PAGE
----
The Diabetes Education Network is a UK Network of health care professionals working in diabetes (www.diabetes-education.net ) who are committed to the development and delivery of structured patient education for people with type 1 and type 2 diabetes. The philosophy of DENs is outlined below.
Diabetes is a complex condition, which is affected by, and can affect almost all daily activity. Most day to day decisions (eg food choices, activity levels, the taking of medication or insulin) which affect blood glucose levels, are made by the person with diabetes. As such, people with diabetes who are able to are responsible for managing their condition.
People with diabetes require knowledge and skills to enable them to understand the effects of lifestyle on their diabetes and vice versa, and how they can adjust their treatment to enable them to lead the lifestyle of their choice while maintaining stable blood glucose control. They also need information on the consequences of poor control of their diabetes so they can make informed choices in setting appropriate personal goals for the management of their diabetes.
The role of the health care professional is to provide support to people with diabetes to enable them to develop realistic short term and long-term management goals, and to help them acquire the knowledge and skills necessary to achieve those goals.
The person with diabetes has the right to expect the following from their health care professional:
· The development of an open, honest and non-hierarchical relationship with the person with diabetes.
· An approach which treats the person as an individual, which is respectful of their health beliefs, and which is supportive, consistent, and non-judgemental.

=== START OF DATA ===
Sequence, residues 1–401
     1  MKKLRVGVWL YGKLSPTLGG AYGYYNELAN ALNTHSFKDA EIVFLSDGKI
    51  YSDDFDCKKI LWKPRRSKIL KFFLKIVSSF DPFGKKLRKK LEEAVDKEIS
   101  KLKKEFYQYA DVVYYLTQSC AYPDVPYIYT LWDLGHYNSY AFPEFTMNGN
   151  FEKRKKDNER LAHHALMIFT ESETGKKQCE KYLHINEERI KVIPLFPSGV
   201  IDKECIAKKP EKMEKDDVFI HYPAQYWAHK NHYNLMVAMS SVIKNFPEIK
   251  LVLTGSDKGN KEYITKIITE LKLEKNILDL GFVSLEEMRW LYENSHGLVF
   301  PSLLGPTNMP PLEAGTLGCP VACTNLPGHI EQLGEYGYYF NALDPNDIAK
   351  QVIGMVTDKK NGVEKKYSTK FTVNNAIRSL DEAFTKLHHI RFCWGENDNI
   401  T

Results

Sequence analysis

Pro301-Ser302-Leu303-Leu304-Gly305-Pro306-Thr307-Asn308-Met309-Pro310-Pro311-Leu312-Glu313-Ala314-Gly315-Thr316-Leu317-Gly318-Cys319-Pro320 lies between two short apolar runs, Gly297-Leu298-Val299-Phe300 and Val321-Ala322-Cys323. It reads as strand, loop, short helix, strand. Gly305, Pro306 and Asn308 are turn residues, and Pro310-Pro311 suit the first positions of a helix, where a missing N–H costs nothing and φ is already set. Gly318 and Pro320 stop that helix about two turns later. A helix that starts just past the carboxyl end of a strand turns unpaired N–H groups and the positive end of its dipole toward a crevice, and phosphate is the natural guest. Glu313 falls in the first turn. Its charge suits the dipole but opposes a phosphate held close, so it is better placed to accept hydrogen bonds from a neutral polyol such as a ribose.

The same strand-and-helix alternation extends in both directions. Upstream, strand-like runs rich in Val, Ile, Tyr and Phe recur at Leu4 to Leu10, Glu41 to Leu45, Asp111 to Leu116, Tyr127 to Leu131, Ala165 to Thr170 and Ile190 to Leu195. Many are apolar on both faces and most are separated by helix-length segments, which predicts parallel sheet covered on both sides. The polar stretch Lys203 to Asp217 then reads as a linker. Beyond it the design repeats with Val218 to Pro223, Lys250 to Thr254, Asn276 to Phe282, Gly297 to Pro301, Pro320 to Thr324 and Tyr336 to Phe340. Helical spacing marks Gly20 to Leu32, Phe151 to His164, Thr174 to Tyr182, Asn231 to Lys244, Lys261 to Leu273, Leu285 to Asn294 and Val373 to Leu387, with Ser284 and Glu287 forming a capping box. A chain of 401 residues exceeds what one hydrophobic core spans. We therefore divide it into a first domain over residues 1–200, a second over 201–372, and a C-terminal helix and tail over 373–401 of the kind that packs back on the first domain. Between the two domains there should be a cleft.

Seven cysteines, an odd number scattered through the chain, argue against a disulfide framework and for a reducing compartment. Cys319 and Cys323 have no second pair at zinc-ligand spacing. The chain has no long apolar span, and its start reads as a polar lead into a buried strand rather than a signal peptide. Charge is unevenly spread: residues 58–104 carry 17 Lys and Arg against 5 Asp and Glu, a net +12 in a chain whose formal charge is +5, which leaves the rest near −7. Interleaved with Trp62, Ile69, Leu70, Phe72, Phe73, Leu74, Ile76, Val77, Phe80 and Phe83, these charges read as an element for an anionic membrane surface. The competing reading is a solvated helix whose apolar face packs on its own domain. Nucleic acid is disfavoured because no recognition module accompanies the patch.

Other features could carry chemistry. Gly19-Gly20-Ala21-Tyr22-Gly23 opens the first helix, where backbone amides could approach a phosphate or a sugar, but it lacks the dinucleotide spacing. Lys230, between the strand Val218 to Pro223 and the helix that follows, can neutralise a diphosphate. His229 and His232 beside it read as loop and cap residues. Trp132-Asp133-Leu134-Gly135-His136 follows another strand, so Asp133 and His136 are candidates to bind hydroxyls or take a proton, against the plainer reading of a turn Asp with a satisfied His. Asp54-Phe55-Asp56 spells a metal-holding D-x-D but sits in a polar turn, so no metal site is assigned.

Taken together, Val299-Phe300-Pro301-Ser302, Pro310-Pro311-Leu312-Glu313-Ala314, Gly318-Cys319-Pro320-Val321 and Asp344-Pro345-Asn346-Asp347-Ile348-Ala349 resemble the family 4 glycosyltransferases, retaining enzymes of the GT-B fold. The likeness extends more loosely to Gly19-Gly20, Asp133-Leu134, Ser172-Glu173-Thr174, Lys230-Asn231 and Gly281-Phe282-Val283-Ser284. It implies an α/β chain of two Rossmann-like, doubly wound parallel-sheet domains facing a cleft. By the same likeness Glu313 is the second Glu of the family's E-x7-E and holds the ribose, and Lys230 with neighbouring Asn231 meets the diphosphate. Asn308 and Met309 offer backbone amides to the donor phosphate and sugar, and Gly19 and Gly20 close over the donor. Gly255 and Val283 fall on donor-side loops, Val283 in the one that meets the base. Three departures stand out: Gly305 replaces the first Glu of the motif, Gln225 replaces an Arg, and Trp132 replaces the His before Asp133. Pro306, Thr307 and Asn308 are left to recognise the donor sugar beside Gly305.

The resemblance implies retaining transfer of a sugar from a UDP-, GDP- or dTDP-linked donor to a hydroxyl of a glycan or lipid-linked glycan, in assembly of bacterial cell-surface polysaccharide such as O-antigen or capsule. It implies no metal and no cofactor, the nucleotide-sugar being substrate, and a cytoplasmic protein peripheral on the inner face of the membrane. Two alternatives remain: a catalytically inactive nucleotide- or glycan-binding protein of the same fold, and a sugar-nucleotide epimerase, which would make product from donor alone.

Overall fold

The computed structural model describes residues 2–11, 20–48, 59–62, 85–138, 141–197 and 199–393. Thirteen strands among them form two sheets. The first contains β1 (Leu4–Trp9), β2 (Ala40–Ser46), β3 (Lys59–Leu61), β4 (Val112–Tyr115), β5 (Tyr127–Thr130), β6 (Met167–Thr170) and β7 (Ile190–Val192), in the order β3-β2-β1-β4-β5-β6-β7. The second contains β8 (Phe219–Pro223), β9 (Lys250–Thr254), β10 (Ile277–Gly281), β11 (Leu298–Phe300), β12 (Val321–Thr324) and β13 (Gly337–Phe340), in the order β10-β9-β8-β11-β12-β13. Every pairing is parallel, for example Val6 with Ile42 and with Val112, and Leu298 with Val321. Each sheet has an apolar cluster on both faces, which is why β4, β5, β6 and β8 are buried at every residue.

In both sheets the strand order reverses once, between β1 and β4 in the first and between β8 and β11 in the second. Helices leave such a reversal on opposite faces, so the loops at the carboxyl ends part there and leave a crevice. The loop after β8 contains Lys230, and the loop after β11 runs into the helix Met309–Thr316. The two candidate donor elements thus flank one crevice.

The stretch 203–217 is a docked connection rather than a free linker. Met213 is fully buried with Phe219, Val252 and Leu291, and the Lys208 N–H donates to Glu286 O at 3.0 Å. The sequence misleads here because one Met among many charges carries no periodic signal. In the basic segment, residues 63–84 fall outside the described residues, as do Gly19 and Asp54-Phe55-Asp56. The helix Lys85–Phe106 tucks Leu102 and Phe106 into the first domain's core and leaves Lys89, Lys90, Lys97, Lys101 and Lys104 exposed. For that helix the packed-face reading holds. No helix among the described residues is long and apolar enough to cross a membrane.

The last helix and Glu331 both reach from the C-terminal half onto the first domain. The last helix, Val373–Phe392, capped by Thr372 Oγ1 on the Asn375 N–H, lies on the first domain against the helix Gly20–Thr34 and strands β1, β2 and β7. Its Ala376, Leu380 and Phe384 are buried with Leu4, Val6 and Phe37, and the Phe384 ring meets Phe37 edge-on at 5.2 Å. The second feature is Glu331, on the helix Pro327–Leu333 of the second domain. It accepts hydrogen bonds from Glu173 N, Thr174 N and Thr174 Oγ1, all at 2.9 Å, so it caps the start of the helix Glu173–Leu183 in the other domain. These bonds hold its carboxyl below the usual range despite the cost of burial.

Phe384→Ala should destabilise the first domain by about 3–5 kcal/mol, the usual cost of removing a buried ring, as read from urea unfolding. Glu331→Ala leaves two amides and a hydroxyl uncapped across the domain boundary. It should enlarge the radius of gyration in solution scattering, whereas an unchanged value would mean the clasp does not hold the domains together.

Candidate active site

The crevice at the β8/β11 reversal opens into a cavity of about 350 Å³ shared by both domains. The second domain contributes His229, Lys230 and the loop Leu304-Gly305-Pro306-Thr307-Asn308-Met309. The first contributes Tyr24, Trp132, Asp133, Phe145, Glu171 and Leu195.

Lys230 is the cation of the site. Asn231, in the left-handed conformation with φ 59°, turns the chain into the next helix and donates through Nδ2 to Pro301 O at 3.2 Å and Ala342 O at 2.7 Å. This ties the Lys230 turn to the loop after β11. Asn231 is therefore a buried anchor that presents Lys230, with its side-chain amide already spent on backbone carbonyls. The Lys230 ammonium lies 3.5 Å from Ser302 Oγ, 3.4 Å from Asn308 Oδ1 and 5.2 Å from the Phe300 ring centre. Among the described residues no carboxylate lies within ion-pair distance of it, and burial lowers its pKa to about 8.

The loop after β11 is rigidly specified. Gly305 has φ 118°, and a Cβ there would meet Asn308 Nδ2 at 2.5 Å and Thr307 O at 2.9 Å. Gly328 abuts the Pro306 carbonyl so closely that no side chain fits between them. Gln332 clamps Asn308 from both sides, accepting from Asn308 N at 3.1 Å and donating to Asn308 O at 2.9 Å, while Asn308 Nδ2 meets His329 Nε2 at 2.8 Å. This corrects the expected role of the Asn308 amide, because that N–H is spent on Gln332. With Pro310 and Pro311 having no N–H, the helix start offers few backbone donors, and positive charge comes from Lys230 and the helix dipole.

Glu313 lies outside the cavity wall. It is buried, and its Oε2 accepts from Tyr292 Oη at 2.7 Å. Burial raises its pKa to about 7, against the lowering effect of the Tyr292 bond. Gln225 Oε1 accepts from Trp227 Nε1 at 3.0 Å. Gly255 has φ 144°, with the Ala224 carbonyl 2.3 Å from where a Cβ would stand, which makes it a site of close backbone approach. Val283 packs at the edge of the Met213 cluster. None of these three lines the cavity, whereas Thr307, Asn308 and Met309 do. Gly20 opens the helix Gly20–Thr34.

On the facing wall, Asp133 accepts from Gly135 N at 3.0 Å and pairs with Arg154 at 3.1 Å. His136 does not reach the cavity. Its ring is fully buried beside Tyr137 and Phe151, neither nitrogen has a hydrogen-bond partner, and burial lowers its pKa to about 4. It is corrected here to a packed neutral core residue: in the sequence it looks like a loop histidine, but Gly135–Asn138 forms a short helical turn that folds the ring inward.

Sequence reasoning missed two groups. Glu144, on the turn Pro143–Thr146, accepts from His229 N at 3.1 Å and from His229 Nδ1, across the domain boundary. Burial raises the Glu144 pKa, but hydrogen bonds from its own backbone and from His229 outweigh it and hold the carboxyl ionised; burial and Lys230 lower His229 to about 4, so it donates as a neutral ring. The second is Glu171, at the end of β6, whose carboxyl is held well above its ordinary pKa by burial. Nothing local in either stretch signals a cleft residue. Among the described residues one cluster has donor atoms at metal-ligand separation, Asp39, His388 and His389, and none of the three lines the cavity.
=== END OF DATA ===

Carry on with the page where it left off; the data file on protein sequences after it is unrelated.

· An opportunity to identify and review the person’s needs, concerns and goals
· The provision of up to date, accurate and consistent information about diabetes, treatment options and local services (e.g. education programmes) available, in order to address their needs and concerns and help meet their goals.
The health care professional will achieve this by:
· Engaging with the person with diabetes and gaining their trust
· Identifying and exploring their current health beliefs and factors which motivate current self-care behaviours
· Helping the person with diabetes explore and understand the risks and benefits of their current situation/management choice and of any alternative options.
· Providing appropriate information to support decision making
· Providing (or providing access to) knowledge and skills needed to achieve self-care behaviour appropriate to that decision.
Structured education programmes:
are an appropriate means by which people with diabetes can learn the knowledge and skills necessary to support appropriate self-care behaviours. Such programmes should:
· Be explicit in their aims and objectives
· Be consistent with the principles outlined above
· Employ appropriate learning theories
· Fulfil or be working towards fulfilling the criteria set by the NICE and Diabetes UK.
Scotland has developed its own method of supporting the development and delivery of structured patient education. More information can be found on the dedicated website: